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gerryt
20-01-2005, 01:24 PM
Hi folks, first time on here so bare with me. A few weeks ago i bought a 1995 VW Vento 1.9TD i'm very happy with the car it's in mint condition for the year, has FSH from VAG 85K on the clock, not a spot of rust anywhere and has been garaged by the former owner the past 7yrs ;)

One thing though has now cropped up, the brake pedal is quite soft and spongy and feels quite weak compaired to other cars iv'e owned of a similar age eg; Rover 416i Nreg. In the two weeks iv'e owned it iv'e had to top up the brake fluid twice, the 2nd time the level was below the min mark :(

I do basic stuff like change the oil and filters at the specified intervals but i wouldn't know where to start finding a brake problem. I know it could be air in the system or a cylinder leaking but i woulnt be confident enough to try bleeding them.

So what other things could cause the fluid to drop and a poor spongy brake, would it be expensive to put right at a VAG (worst case scenario) :1zhelp:

stuart
20-01-2005, 01:33 PM
Hi

Thanks for joining the site.

From what you describe, I would also say that there was a leak in the system.

My best advise would be to avoid doing the job if you are not 100% confident in the repair, after all it is the brakes;)

I work for Euro Car Parts in Leeds, and as a company we have a branch in Glasgow who could do you a cylinder at a reasonable rate, and may even advise a volkswagen specialist in the area who could do the job for you. A lot less than dealers.

Hope this helps

Stuart

gibby
20-01-2005, 01:46 PM
Hi, welcome to the site. I fully agree with Stuart, never compromise where brakes are concerned and you shouldn't have to top up the brake fluid on a regular basis and deffo not twice in the space of a few weeks. You could try to find where the leak is by getting someone to push the pedal and look in the engine bay and underneath to see if it is dripping anywhere. :boggled: It wouldn't be cheap to fix at VAG, if you are not bothered about VAG doing it then a small independant garage will do just as good (if not better !) a job.

gerryt
21-01-2005, 01:39 AM
Thanks for the reply guy's, this afternoon i was visiting my nephew in Glasgow and i poped into the VAG dealers on Crow Rd, the girl at the service desk kindly got one of the mechanics to have a look at it for free. He took it for a short drive, asked me a few questions about it, tryed to brakes and he said they seemed fine to him, he said remember that it won't be up to the standard of a new VW car and to take into account that it's 10yrs old.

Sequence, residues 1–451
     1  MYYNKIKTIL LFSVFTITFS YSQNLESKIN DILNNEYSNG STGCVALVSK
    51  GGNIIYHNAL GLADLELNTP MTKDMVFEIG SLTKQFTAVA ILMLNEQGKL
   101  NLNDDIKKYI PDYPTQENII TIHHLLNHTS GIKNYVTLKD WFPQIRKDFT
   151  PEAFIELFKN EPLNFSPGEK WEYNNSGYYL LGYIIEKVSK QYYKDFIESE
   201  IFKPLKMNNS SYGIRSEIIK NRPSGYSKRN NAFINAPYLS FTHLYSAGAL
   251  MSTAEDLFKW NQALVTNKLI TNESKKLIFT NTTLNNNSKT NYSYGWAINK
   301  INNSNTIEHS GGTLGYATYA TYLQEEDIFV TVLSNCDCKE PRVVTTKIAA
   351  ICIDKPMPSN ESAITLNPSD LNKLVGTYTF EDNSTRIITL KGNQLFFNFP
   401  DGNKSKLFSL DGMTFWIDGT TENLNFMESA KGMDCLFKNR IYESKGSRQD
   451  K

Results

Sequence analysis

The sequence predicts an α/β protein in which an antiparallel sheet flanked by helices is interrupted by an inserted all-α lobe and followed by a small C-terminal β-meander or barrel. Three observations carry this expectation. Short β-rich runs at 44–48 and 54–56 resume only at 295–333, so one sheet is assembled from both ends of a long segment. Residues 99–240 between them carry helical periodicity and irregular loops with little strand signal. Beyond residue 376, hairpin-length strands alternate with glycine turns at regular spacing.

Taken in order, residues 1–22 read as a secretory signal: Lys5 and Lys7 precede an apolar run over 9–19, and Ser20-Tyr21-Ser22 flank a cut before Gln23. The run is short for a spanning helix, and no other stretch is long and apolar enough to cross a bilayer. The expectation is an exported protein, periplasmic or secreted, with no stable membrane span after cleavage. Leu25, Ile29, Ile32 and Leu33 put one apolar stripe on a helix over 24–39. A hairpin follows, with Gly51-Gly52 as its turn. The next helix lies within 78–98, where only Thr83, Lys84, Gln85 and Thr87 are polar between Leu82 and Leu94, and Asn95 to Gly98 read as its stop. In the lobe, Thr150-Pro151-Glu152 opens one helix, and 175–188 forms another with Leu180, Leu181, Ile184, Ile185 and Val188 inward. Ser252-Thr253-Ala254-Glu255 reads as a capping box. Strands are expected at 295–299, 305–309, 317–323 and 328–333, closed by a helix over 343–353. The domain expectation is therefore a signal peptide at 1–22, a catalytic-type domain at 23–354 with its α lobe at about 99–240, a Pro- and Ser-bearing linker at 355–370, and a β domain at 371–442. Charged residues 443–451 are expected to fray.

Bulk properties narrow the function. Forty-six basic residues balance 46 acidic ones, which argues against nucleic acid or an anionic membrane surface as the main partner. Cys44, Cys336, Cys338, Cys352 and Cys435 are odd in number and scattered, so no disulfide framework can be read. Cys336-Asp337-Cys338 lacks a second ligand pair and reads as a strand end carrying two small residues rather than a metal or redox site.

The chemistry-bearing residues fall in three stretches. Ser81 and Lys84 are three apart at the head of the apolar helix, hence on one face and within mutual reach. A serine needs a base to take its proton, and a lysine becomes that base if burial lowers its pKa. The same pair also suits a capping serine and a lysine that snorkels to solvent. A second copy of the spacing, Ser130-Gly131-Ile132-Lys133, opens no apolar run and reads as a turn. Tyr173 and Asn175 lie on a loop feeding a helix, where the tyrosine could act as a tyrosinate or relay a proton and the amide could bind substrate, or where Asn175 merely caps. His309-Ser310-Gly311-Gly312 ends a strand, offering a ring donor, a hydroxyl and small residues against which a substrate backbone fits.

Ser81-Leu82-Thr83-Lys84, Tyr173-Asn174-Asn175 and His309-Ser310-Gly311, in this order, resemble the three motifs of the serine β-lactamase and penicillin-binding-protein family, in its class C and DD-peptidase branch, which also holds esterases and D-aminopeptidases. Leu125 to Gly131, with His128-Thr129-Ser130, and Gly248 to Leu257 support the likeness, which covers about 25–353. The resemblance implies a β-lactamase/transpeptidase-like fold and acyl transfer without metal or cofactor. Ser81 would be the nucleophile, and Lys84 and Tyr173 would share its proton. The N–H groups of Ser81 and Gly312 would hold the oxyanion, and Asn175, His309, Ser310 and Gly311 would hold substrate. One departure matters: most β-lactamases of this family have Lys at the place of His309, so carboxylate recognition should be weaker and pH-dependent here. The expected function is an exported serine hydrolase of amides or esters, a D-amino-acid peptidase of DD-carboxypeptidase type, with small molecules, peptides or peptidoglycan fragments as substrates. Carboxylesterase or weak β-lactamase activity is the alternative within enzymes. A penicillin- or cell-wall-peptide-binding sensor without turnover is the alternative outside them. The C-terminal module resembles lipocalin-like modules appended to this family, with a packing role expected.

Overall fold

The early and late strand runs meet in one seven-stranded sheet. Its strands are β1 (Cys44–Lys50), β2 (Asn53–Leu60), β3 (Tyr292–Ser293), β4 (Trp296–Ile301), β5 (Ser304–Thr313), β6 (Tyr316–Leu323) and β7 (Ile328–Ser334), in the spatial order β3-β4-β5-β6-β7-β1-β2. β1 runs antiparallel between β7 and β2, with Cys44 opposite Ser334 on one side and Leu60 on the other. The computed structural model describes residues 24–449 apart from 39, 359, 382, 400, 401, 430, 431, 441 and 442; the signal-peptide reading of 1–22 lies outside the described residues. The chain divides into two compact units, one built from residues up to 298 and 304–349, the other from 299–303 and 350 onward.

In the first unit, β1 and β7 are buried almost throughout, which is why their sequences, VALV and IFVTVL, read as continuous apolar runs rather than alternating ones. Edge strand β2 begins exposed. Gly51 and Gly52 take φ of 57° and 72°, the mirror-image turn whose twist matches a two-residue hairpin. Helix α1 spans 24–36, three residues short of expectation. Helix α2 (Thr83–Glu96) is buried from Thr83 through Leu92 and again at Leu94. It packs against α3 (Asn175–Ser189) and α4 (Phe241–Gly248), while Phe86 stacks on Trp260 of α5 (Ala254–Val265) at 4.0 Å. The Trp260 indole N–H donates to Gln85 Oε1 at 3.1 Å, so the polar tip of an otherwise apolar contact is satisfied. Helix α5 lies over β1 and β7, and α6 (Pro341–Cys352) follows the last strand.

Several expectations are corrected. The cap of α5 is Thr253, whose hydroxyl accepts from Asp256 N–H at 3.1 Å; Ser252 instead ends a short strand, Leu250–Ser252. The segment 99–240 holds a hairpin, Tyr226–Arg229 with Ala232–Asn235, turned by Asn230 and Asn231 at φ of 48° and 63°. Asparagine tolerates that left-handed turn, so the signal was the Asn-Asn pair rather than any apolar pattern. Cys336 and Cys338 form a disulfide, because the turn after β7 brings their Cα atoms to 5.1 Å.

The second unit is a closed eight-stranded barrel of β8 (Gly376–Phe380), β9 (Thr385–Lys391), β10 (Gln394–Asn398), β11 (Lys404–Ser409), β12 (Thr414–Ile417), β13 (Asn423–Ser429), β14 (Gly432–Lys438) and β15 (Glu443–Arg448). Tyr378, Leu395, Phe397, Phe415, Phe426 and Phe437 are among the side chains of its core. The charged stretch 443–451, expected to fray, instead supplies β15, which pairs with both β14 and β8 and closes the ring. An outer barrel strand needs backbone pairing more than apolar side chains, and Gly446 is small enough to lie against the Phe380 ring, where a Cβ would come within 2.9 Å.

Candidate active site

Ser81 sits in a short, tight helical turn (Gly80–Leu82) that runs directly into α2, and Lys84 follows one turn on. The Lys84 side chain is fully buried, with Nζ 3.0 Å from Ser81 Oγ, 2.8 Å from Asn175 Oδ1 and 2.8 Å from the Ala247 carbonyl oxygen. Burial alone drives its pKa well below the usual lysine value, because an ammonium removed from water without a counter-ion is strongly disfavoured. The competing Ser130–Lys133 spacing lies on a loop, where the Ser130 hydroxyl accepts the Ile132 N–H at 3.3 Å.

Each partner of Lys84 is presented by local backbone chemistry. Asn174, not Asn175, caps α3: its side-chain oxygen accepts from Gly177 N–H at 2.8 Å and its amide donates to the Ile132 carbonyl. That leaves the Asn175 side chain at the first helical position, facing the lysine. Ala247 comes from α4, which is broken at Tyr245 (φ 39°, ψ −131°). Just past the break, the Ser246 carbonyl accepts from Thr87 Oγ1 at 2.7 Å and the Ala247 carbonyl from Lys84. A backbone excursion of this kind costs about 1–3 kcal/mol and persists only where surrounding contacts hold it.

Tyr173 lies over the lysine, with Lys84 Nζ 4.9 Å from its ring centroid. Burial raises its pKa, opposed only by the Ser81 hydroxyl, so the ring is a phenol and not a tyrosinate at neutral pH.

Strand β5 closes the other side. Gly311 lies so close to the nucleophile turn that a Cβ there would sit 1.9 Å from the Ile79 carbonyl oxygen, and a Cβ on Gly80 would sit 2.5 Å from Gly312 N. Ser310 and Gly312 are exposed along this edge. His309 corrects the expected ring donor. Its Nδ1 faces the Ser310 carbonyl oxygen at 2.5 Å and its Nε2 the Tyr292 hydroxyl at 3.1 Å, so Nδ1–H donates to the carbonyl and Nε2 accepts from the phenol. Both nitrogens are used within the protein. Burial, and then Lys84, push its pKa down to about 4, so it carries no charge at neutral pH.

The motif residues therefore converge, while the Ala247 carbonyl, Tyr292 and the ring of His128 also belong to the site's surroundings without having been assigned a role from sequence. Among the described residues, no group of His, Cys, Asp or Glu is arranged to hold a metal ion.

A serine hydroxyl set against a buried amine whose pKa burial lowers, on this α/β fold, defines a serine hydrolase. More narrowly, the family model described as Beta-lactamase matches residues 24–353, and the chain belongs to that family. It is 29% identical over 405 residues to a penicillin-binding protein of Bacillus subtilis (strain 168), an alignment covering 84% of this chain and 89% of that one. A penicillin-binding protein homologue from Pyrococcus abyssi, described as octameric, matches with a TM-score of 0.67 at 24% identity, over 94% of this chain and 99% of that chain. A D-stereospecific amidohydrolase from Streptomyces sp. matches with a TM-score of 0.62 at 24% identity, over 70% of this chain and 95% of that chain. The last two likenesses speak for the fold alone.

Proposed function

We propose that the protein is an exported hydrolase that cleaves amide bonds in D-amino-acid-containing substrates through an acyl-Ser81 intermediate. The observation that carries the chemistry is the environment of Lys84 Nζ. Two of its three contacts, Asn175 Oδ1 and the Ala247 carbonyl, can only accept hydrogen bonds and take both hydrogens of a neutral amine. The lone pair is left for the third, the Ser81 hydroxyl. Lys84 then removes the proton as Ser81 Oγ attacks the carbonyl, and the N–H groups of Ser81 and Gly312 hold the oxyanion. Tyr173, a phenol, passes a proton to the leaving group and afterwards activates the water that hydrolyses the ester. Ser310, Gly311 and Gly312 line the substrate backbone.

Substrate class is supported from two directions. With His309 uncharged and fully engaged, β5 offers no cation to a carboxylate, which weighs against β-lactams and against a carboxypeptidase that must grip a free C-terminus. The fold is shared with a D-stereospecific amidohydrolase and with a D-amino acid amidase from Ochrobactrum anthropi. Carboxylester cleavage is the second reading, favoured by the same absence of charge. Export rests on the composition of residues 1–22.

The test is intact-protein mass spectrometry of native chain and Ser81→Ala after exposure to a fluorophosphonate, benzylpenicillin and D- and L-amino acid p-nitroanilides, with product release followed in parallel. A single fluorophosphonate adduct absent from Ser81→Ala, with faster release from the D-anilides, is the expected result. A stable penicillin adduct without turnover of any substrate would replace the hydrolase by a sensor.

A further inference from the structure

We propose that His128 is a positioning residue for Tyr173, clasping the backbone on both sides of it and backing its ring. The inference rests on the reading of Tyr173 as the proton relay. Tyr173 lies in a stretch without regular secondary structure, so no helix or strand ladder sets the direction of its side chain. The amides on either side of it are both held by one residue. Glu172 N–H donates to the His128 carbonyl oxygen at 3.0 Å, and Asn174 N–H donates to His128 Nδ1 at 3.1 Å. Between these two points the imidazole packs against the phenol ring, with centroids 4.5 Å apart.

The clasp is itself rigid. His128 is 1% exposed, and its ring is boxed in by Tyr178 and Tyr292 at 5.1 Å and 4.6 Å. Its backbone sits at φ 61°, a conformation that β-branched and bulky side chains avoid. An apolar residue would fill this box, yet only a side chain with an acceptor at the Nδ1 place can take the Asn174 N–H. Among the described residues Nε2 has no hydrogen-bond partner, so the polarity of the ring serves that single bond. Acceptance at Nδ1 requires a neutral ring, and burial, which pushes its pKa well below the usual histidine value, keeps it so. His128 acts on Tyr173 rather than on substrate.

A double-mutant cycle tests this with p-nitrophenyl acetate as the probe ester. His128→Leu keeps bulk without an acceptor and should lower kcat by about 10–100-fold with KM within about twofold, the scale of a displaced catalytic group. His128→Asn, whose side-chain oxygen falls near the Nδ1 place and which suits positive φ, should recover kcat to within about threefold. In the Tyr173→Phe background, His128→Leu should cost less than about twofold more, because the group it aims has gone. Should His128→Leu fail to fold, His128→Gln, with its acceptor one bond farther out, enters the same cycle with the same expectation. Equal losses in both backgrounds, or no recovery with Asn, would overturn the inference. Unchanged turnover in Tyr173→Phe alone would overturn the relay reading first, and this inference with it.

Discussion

He also put it up onto the ramps and had a good look underneath and under the bonnet and said he couldn't find any leaks anywhere. He said though to have a look where the top of the brake pedal goes through to the master cylinder or something and check for a leak there. The fact that it lay in the previous owners drive for some months before i bought it not being used could have something to do with it! i dont know. I will keep an eye on the fluid level over the next few days and see if it drops, if so then like you say Stuart i will have to put it into a VW specialist to have a good going over.

stuart
22-01-2005, 10:13 AM
Glad we could be of assistance, and I hope you will visit and use the site in the future.

I have heard of a couple of instances were the brake fluid leaks into the servo, so you have an "internal" leak which may no be visable on the outside.

If you continue to use fluid, there must be a problem somewere, so for your own safety, you need to get it checked out again.

Stuart

gerryt
28-01-2005, 11:37 PM
I had a look at the brake pedal the other day and it's fine no leaks, i then went round every wheel in turn and i found that the n/s rear cylinder was leaking. The shoes looked quite new but they were soaking with fluid and were contaminated.

My local garage quoted 100 to do the job; fit new cylinder & shoes and bleed that wheel, he said that if the rear wheels have a flexi hose at each one then he wouldn't have to bleed the whole system, just that wheel.

I couldn't afford 100 so i checked my Haynes manual and it didn't look that hard a job to do, so this morning i got the parts from a motor factors for 30 they also said that i would only have to bleed that one wheel, so i and gave it a crack.

Got the old shoes off, the wheels did have a bit of flexi hose so i clamped it with mole grips, gave the brake pipe a good wire brushing and a soak with WD40 and removed the old cylinder. Thoughly cleaned the back plate,hub and wheel bearing, assembled the new shoes, put them on and had to slacken the handbrake cable as to get the hub back on.

Brake pipe on nice and tight and the fluid topped up i then released the clamp at the flexi hose, got my brother n law to pump the pedal while i opened and closed the nipple, done this 3 or 4 times still topping up the fluid, seemed to have a better brake so it was wheels back on readjusted the handbrake and a quick drive to test them. They feel much better more of a solid feel and more power, so i think iv'e saved myself 60, the hardest part of the job was fitting the springs on the shoes, the handbrake one was the hardest you had to be Samson to slide the spring back and hook the cable into the little slot.

stuart
29-01-2005, 09:08 PM
Glad you sorted your small problem, always a concern when it's the brakes.

Providing you know what you are doing, have the right tools for the job, have the convidence to do the job, and a good manual you can save a fortune by doing the job yourself.

Glad you posted this on the site, and hope you will visit in the future.

Stuart